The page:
Film Review: The Fog

The Fog
The Fog

I�’ll be the first to admit that for years I would vigorously protest all news of any of my favorite films being recycled and remanufactured into an updated version for the Pepsi generation. How dare those slugs in Hollywood attempt to remake something that I held so near and dear to my dark little heart. �Where have all the creative people gone?� would often fill my woeful outcries along with many unsavory superlatives. But who do you think would be the first person in line to see films like Gus Van Sant�s shot-for-shot remake of Psycho or the most recent Amityville Horror? Yeah, you guessed it, the guy next door. Actually, it was your beloved Caretaker.

Call me a hypocrite, but hell I am a horror fan for god sake, and being able to enjoy a genre film in the theater isn�t always an easy thing to do in this world of direct to video BS. It wasn�t until I took a step back and really examined the history of horror that I realized that some of my favorite films were in fact recycled and remanufacture for me. Films like Invasion of the Body Snatchers (1978), John Carpenter�s The Thing (1981), Night of the Living Dead 90, and the most recent Dawn of the Dead (2004) all hold a special place in my personal DVD library.

Sometimes, Hollywood can get it right and bring some unique twist to a tried and true formula. Let’s face it, horror films have and will always be remade. In no way am I telling you not to be passionate about the way you feel about horror, but be a fan to yourself and the genre we all love, and don�t write off a film merely because it has been done before because you might just miss out on a memorable experience. Well, time to get off my soapbox and into the review.

When I first heard they were remaking one of my favorite John Carpenter’s film The Fog, I was a little intrigued. The original is such a well-crafted ghost story that works on almost every level. What could director Rupert Wainwright (Stigmata) bring to this new production? Would it be a remake for the sake of retelling the story with the latest Hollywood eye candy or would he add some new twist to the story to make it interesting and worth my trip to the theater?

The story begins with a cutter ship making its way through a damp and fog-filled night towards some unknown destination. Flashes of fire can be seen spewing forth from her bowel as four men escape carrying a dark secret. Fast forward to modern-day Antonio Bay, where the townsfolk are about to dedicate a statue to their founding fathers. Life seems simple on the island, but in the darkness lurks the fog waiting for a chance to reclaim what is right it’s own and with it unleash its vengeful wrath.

All in all, the storyline is dead on with the original classic, but a few minor updates have been added in an attempt to spice up the films. Most of these are completely unnecessary, such as the opening sequence, and at times they seem to hinder the pacing of the film, but a few do work. I did like seeing a little more of the background story, but in some ways, it kind took away from the mystery of those lurking in the darkness. One update that I particularly liked was the ending. Most people don’t seem to appreciate or understand the ending, but in my humble opinion, it accents the plight of the lost souls from the Elizabeth Dane. All I can say is that treasure isn’t always forged from silver and gold.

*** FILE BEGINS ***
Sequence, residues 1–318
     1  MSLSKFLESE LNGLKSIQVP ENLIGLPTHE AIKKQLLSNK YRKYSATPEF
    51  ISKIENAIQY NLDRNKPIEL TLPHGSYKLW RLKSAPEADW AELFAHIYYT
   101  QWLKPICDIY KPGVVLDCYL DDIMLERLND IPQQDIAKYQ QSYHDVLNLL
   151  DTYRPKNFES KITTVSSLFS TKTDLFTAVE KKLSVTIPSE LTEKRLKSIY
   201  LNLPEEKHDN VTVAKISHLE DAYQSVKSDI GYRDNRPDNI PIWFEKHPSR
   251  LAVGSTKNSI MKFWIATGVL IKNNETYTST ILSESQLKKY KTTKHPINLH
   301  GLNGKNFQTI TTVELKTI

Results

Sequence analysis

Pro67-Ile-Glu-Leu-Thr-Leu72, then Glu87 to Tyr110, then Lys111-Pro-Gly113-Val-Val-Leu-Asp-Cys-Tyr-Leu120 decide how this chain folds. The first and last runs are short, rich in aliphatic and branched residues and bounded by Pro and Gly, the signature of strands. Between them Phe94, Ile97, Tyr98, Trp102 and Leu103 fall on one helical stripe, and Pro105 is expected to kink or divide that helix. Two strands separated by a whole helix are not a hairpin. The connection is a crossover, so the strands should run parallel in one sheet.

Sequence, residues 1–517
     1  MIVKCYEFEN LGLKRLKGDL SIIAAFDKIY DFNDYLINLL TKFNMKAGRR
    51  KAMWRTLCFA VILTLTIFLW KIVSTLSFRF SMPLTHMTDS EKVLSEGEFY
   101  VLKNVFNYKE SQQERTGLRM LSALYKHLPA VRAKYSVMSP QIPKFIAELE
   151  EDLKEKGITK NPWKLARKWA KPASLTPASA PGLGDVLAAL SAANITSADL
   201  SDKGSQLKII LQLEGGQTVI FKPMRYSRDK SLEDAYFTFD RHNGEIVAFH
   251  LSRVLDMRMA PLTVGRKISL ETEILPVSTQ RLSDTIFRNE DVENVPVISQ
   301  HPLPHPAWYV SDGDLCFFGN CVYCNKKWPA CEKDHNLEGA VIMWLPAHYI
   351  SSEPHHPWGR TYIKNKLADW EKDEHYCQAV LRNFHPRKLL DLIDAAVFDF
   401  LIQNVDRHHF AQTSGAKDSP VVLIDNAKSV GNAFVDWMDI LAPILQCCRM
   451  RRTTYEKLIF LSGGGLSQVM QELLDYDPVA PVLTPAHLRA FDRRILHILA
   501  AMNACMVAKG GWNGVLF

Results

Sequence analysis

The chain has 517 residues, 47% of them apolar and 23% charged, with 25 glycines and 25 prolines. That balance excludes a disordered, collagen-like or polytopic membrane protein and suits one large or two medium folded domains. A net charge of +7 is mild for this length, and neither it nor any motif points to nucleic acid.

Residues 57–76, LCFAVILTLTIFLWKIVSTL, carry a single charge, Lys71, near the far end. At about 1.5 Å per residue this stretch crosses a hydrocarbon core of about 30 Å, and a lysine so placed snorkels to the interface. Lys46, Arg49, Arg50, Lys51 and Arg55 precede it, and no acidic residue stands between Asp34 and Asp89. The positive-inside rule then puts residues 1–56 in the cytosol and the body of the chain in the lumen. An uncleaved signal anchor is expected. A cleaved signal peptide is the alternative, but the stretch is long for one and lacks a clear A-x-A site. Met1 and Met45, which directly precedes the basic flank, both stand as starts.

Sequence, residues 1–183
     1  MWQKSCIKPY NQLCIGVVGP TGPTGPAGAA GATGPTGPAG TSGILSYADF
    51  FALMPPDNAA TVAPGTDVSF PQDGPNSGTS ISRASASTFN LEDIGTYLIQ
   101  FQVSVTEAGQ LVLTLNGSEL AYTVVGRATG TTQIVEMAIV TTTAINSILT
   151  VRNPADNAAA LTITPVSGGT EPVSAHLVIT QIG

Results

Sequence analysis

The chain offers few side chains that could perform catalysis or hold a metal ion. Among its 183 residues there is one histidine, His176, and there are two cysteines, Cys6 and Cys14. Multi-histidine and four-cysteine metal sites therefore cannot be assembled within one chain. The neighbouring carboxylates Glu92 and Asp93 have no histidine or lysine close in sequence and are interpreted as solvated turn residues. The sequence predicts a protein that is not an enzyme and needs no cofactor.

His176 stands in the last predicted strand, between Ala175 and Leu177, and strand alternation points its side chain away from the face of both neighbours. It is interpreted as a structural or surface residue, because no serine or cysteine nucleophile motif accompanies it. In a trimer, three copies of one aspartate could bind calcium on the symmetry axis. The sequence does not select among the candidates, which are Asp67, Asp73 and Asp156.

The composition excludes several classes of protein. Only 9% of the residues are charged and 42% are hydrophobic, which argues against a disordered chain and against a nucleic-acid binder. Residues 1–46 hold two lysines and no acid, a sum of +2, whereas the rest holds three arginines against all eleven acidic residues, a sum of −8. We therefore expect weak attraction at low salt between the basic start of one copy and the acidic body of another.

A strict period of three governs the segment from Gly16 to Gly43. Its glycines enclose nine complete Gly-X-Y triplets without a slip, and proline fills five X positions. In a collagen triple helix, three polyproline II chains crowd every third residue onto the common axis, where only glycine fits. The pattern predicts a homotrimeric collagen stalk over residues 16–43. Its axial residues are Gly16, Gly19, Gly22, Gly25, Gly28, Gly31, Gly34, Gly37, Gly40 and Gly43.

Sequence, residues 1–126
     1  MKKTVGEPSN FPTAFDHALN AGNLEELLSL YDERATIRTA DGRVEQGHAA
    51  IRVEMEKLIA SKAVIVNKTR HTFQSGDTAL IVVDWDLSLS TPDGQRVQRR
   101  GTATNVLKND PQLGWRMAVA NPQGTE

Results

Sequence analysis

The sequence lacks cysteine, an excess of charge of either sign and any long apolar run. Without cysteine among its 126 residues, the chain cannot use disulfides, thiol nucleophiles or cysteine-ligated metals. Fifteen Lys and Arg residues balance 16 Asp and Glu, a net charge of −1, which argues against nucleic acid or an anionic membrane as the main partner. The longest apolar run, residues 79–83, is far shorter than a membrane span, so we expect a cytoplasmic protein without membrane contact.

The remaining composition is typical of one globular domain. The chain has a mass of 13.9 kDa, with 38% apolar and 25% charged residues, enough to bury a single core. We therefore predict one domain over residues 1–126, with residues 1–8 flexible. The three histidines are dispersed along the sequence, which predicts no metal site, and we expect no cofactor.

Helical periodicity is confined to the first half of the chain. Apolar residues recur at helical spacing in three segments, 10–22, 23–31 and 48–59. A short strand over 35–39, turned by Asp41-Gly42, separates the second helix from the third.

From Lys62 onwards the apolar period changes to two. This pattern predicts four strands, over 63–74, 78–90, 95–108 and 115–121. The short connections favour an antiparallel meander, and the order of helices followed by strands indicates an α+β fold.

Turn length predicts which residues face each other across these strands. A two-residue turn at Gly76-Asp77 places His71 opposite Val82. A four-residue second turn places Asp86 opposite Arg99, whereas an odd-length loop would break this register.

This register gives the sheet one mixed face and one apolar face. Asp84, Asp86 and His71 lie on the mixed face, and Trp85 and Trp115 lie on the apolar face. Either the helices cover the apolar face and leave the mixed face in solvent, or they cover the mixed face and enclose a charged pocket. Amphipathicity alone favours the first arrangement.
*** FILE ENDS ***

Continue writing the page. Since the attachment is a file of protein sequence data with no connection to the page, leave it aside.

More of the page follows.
The acting in this film was average at best, but what can you expect from a film cast for a PG-13 crowd. Now, I have seen a whole lot worst and I can definitely live with the outcome here, but I really missed seeing a more mature Stevie Wayne (Adrienne Barbeau). I was surprised by Maggie Grace’s (Elizabeth) performance since I am not the biggest Shannon Rutherford fan on the TV Series Lost and Adrian Hough outshined the rest as a drunken and remorseful Father Malone. Unfortunately, since these films are being made for a younger generation, we are going to have to live with the beautiful and unrealistic characters that dot this landscape. Where have all the Larry Zerners (Shelly in Friday the 13, Part III) of the world gone?

In the original film, Rob Bottin did an amazing job with the little budget he was given for effects. Due to these limitations, the simplicity of his work added to the overall atmosphere of Carpenter�s vision. The effects budget on the remake was probably bigger than the entire budget for the original film. At points in the films, the added effects work, but for the most part, I felt like I was a passenger on Disneyland�s Haunted Mansion ride. Overall, gives me simple effects performed by real people any day.

When I went to see this film I went in with extremely low expectations since I am such a huge fan of Carpenter�s original and I have to admit that I was mildly surprised. You may be asking yourself, isn�t the above review a rip on the film and I would have to disagree because with all its shortcomings this film worked for me as an hour and half of mindless entertainment. Also, being able to give up on all my previous remake frustrations, I was able to separate my experience (as much as I could) from the original film and look at The Fog (2005) as a standalone piece. Was it the best horror film of the year? No way, that honor probably goes to High Tension (Haute Tension) at this point and it was far from the worst (Boogeyman). Finally, I would only recommend this film to those who can deal with the never-ending world of horror remakes, because it is a fact that we will all have to deal with sometime.

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